It's about the price of zeal. Who pays it? Daniel longs more to comprehend than to validate the past. Lumet shows him fighting to know himself, his spite and fixations, and struggling through a grasp of his family's devastations. He becomes a sort of detective of his own life as he probes his family's saga and re-experiences his reactions to the uncommon burdens put on him by his parents' trial and execution. Through Daniel's hunt for self-discovery in his own recollections, in addition to his links with people who were concerned in his parents' case, we see from within thirty years in the life of American discord, from the Depression and WWII to the McCarthy era and the 1960s' anti-war movement. The effects of parents on children, of dogma on life, of the past on individuals, are contemplated in the saga of two generations of a family whose obsession is not success, money or love, but social integrity.
Lumet is conveying his wish to exceed the boundaries compelled by the brand of realism in Serpico, Dog Day Afternoon, Prince of the City, etc. Notwithstanding his concern with social matters, he never made message movies. What he favors are essentially character studies. Generally the most dramatic altercations occur between characters in the framework of the society they occupy. So his predilection guides him to political suggestions.
This is a profound, solidly felt film that enhances the central characters who partake in Daniel's revelation of himself and his bond with past and present. In a deeper and fuller way the film reconstructs the imagery and themes of the Rosenbergs' world, the hazards of an existence on the brink of romanticism, the fabled load of deeds much smaller than their penalties. Certainly the Isaacson most undone by such things is Daniel's younger sister, Susan. Lumet opens the film with Susan's badgering of Daniel and her foster parents on the good radical political usage of her parents' trust fund, following succinct fourth wall breakage of Daniel's callous explanation of the electrocution procedure and Lumet's ensuing cut to 1960s political protests. Susan has already started to use political involvement as she previously used religion, drugs and sex, as a surrogate for comprehending her distressing need to obliterate her consciousness.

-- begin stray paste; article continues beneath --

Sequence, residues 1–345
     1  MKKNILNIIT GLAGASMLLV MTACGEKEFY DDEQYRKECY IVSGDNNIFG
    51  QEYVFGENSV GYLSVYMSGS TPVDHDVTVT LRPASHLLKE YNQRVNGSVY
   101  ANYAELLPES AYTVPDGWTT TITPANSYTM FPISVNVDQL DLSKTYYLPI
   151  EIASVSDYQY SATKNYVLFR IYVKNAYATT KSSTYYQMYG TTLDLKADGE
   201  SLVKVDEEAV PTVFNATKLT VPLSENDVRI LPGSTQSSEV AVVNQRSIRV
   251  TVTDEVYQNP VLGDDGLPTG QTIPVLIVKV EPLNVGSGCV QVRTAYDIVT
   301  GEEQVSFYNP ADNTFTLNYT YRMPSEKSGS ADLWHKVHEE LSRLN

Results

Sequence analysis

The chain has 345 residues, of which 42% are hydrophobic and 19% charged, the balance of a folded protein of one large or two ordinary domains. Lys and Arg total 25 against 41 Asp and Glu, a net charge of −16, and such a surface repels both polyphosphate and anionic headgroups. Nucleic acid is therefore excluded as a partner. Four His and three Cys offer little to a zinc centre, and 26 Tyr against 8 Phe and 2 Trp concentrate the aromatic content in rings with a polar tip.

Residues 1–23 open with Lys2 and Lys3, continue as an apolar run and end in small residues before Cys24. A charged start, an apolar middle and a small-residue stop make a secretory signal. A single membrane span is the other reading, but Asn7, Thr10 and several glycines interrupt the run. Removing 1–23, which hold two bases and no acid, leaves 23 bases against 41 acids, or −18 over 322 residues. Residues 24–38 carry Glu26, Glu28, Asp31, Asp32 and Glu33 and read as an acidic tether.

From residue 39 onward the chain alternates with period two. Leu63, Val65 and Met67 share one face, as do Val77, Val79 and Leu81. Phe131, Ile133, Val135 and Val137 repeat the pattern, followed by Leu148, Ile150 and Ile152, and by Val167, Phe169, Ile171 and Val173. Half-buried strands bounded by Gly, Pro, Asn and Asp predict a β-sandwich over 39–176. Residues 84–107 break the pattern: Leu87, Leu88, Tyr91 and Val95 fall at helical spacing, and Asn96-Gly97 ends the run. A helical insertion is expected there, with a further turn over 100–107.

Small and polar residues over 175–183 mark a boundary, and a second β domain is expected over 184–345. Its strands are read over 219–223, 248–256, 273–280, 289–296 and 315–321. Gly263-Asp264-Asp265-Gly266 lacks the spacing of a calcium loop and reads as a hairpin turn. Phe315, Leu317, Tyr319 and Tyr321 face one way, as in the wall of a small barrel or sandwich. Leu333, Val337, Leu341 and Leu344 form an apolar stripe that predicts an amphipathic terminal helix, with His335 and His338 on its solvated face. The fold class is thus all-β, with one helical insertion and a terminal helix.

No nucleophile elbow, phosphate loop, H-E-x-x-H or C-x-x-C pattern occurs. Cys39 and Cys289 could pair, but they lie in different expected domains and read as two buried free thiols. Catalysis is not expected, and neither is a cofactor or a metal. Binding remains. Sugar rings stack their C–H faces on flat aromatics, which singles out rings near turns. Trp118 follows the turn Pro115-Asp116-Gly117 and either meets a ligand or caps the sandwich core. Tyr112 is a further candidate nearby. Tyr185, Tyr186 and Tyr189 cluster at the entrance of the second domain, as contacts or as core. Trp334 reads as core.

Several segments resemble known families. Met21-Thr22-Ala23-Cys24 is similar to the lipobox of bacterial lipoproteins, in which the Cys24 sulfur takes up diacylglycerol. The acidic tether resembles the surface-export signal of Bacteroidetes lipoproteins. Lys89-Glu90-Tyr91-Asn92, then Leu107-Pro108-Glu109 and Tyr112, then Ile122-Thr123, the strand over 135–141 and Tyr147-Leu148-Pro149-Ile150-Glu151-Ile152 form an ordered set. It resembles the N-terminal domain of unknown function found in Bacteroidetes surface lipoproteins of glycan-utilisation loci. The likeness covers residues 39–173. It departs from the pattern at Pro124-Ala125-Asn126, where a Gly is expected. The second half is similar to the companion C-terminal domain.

Following scenes that revert to their childhood, Daniel finds Susan's present of an old "Free Them" poster and an opened sachet of razor blades in declaration of her attempted suicide. Lumet then instantly cuts to after their parents' arrest, when Ascher, the attorney, takes the children to a rally for the Isaacsons. Abruptly cries emerge, "Here are the children," and hands appear to pass the petrified children to the platform. Little Susan shouts for her brother as they're stage-managed as political poker chips over ceremonial cries, "Free them," an omen of Susan's adult dependence. From below, Lumet draws near on the stricken faces defenseless in the squeeze of passion. Defenseless. Daniel's visit to the committed Susan happens after allusions to Rochelle's demented mother, cyclically driven mad by the struggle of her immigrant life.
This layout offers political and emotional background for Susan's psychosomatic degeneration, still trying to use her mocking humor to offset hopelessness. It's this that launches Daniel's course of turning from hostility against the world and his stand-in family, his young wife and infant son. Nowhere in the film are Paul Robeson's spirituals more poignant than throughout the siblings' trip homeward from a cruel charity shelter. Cinematographer Andrzej Bartkowiak's burgundy browns overshadow as, to Robeson's solemn song, Lumet draws the defenseless route through the cold backdrop. The children hold one another on traffic islands, Susan coiling into her big brother.
The triumph of Lumet's handling of Paul and Rochelle Isaacson was in illustrating American communism as another political approach which was not just customary in its environment, but in many ways important and constructive. In a first-rate scene, Paul coaches the admiring Daniel on the iniquities of DiMaggio's manipulation of his image and his audience through his picture on a cereal box. Ultimately, the film ends by ironically observing the romantic modern goodness of the late 1960s that asserted that the revolution had unfolded and that thus things inevitably were better than when the Isaacsons met a gruesome outcome at the behest of a thoughtless judicial system. Daniel closes the film possibly reflecting on that exact question, not predictably undertaking a basic extremism, a comfortable Marxist unity with his general past. Lumet's political and moral vision is seldom so basic.
Apparently, all concerned claim this movie has nothing to do with the Rosenberg case. This is a ludicrous claim; what else can this movie be about? Oh, it's certainly not a completely biographical version of the story. Not even just in a "names changed to protect ourselves from lawsuits" kind of way. The Rosenbergs had two sons, Robert and Michael, and they're both still alive. They also went the sensible route of filing a Freedom of Information Act request to get information from the government about their parents' case. However, since there aren't a lot of married couples who have been executed for espionage, and since the circumstances are extremely similar, what else can this be about? Anyway, as time goes by, fewer Americans even know who the Rosenbergs were. That ignorance of our own history strikes again. Not that this movie made enough of an impact on culture that it would remind anyone of anything.